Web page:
|Banksia International Award|
Environmental action does not happen in a vacuum. It emerges as a result of people with vision and innovative thought. It requires long-term commitment. It needs people who are relentless in the pursuit of their goals, never allowing obstacles to dissuade them. It requires leadership to inspire others to see the possibilities and join to work towards a common goal.
The Banksia Environmental Foundation Board of Directors work tirelessly identifying the potential recipient of this prestigious award. Candidates are sought from around the world in all the various disciplines associated with the environment. A short list is compiled and each candidate is judged on how they have made an outstanding, long lasting and broad ranging contribution to sustainable development on an international level.
Consideration is given to the various challenges they face and how they have dealt with them. Most importantly they are evaluated on their ability to engage others, create awareness, form partnerships, protect our environment and promote sustainable development.
They must also demonstrate commitment to environmental excellence and sustainability, be an inspiration for others and provide an example which will be or has been of international significance.
2014 International Award Winner
This is only the second time in Banksia's 26 year history that The Foundation have recognised an Australian with this international accolade.
Sean's determination has meant despite economic, political and geographical boundaries he has leapt unthinkable hurdles and connected the unlikeliest of organisations, NGOs, corporates, governments and grass root supporters to tackle this issue at its coal face and support park rangers and their families, working on the dangerously thin green line.
The International Ranger Federation is an alliance of 64 associations on six continents. The IRF's charity arm, The Thin Green Line Foundation, is the world's only NGO solely dedicated to protecting endangered species and threatened ecosystems by supporting park rangers and the widows and orphans of rangers killed in the line of duty. In the past 10 years it is estimated that over 1,000 rangers have been killed in the line of duty, 75% of them by commercial poachers and armed militia groups.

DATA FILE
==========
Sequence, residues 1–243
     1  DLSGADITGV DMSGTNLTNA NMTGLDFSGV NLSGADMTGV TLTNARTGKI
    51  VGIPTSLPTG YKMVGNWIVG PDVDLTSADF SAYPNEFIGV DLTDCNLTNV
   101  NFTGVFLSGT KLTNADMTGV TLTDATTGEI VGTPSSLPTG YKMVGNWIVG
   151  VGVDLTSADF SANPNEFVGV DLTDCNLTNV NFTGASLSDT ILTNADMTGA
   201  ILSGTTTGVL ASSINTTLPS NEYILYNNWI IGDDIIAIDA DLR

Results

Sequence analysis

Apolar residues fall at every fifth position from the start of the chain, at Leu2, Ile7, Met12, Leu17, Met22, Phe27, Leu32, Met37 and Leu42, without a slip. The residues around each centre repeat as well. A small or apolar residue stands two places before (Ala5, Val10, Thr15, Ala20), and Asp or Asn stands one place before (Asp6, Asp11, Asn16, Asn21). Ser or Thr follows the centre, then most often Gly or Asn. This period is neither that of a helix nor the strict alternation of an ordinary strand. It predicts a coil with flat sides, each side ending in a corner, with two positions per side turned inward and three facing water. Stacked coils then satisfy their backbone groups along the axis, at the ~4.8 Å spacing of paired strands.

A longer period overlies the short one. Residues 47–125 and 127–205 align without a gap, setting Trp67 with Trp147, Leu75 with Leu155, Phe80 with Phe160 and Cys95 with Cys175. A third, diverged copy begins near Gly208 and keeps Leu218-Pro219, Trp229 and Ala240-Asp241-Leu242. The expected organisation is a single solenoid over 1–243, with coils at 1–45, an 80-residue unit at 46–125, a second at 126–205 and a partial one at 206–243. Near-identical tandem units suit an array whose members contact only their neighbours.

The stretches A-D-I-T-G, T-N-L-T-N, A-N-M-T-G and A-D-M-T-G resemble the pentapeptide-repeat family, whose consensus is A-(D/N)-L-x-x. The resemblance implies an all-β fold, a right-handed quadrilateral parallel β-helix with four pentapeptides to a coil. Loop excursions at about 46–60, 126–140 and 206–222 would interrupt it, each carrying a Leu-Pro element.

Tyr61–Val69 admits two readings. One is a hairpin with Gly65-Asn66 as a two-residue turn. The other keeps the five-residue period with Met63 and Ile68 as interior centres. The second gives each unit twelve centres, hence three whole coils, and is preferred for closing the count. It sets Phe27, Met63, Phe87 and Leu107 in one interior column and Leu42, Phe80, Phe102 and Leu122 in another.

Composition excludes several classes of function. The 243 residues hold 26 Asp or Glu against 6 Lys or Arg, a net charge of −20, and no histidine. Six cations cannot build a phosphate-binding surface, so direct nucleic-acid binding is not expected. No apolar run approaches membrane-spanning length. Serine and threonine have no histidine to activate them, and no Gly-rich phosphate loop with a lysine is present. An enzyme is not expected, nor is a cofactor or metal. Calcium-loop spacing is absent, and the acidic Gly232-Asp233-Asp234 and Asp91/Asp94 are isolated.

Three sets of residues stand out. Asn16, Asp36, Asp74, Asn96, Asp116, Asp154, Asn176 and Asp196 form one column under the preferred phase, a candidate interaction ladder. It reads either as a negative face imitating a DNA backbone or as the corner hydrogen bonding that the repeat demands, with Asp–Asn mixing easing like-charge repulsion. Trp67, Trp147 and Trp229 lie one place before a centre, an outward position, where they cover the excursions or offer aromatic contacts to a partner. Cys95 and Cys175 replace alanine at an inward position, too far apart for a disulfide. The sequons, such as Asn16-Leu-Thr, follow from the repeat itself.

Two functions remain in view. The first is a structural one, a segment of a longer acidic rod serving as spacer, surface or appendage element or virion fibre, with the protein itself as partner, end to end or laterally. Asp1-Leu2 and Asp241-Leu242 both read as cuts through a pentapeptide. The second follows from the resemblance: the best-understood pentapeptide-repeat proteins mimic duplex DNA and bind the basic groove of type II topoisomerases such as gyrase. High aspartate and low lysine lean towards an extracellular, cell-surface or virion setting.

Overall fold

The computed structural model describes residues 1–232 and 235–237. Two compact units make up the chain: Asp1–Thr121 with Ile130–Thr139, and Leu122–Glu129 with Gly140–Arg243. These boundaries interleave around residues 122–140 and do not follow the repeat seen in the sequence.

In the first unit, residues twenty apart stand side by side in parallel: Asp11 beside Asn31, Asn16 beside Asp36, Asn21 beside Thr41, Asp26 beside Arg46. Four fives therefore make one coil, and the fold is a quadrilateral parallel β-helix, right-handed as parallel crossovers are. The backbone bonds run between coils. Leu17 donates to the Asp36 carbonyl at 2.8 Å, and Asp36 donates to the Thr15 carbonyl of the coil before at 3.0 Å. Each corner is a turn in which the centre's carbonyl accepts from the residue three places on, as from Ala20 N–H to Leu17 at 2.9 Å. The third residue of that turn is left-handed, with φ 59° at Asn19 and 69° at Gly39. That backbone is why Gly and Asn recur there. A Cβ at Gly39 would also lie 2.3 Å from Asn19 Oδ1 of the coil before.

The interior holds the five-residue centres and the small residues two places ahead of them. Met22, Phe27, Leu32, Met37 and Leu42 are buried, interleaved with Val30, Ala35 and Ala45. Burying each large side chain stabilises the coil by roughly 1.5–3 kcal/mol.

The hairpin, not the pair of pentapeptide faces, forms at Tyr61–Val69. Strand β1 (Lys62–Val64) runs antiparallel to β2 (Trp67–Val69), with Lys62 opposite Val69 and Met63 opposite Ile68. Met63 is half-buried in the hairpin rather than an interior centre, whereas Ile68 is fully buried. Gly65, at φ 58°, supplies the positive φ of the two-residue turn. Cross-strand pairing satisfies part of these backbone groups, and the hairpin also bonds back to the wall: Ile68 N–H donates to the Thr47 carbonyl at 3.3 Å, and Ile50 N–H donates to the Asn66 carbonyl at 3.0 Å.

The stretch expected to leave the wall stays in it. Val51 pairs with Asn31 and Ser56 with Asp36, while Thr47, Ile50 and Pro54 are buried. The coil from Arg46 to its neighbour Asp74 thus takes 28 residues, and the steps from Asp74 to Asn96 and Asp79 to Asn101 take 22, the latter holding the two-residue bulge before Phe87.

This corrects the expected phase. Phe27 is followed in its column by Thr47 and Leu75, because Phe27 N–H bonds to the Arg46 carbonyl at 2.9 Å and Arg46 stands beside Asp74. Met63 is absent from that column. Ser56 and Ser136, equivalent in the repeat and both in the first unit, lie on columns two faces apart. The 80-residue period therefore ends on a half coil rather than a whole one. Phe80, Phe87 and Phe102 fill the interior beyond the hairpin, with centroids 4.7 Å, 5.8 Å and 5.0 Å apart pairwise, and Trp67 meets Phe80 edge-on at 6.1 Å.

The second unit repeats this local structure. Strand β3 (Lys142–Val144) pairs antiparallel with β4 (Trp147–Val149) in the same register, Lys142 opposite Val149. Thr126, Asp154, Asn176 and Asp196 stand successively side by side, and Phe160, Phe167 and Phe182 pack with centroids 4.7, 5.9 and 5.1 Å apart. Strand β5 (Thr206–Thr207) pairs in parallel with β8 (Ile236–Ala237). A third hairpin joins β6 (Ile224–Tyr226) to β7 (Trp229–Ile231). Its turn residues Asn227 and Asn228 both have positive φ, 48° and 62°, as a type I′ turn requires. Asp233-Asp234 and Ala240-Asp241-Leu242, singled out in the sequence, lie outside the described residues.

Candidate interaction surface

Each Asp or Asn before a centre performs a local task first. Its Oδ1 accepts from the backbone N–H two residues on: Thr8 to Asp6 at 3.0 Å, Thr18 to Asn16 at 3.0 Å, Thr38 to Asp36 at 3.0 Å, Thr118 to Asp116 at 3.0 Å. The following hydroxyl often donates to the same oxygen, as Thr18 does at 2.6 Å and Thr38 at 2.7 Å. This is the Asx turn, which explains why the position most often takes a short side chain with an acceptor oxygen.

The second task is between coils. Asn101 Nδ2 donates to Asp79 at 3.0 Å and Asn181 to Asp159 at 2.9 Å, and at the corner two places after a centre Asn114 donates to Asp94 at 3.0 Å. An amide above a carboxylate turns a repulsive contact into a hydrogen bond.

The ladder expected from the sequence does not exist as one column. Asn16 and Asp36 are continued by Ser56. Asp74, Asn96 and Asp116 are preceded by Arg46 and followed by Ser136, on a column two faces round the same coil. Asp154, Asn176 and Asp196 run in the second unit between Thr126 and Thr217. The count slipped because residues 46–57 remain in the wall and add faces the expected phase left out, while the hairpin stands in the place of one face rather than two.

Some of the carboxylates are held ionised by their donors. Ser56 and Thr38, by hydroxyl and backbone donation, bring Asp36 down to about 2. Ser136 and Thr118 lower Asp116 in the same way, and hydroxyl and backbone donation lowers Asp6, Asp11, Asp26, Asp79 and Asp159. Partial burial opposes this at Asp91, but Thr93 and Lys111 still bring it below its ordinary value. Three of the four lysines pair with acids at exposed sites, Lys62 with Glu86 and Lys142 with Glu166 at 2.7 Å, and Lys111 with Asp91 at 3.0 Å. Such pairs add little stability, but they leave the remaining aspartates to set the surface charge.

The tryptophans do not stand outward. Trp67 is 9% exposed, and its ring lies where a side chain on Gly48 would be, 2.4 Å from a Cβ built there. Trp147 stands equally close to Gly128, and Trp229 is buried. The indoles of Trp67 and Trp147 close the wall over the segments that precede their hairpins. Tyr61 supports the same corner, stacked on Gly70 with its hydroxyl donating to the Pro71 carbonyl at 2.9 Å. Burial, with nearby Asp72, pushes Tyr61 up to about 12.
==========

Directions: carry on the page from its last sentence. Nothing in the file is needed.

Sean doesn't just talk the talk; he really does walk the walk.
He has worked with rangers and partner organisations on the frontline of conservation in over 50 countries worldwide. From working in war zones in the Congo to Colombia he has himself has faced the dangerous reality many rangers face every day. Sean once had to pretend to be a priest to avoid a poaching militia pulling the trigger on an AK47 that was pointed at his head.
After initially selling his car and re-mortgaging his house in 2004 Sean travelled for 12 months around the world to make a film, the Thin Green Line, about his inspiring colleagues. Three years later, on the simultaneous release of the film in 35 countries and 328 locations, he started the foundation of the same name to support rangers and their families.
His supporters refer to him as a social entrepreneur for rangers and frontline conservation. A more modest Sean says, 'I'm just doing what I can for rangers and conservation, that needs doing – desperately. There's an amazing group of people behind me, and others that work behind the scenes to support these heroes of conservation'.
Sean together with The Thin Green Line team, partners and supporters has to date supported over 100 widows of rangers with new farmlets, business set ups, school fees and with that 400+ children, equipped and trained hundreds of rangers via collaborative partnerships, helped to rebuild rangers houses burnt down by poachers, provide first aid training and equipment, invested in fresh water purification and TTGLF has given emergency aid in times of war and conflict. TTGLF has protected over 2500 rangers.
Sean has recently returned from the Clinton Global Initiative in New York where he was able to highlight the work of rangers and the Thin Green Line Foundation and International Ranger Federation by speaking directly with Hilary and Chelsea Clinton, Leonardo DiCaprio, Sting and Richard Branson.
Sean pitched a project to train and equip 400 plus rangers in 9 African range states, and established 20 indigenous African trainers who would act as ongoing points of contact and continue to support their fellow colleagues. The Leonardo DiCaprio Foundation announced, 'we are very interested in supporting this project and will be making a decision and announcement on the coming months'.
In launching the commitment Hilary Clinton said '....improving the effectiveness of antipoaching efforts. This includes supporting Park Rangers and guards through equipment, training...These rangers are so brave and over the years hundreds of them have been murdered by the poachers leaving their widows and orphans. It's a dangerous occupation'.
Sean believes the world's problems, especially from a humanitarian and environmental standpoint, can be very overwhelming. So his simple question of myself and others is: 'Don't be overwhelmed - none of us can do it all – but what's your piece of the puzzle that needs doing?'
The Banksia International Awards is the highest accolade Australia confers for environmental achievement internationally .
|Last Updated on Wednesday, 29 October 2014 17:42|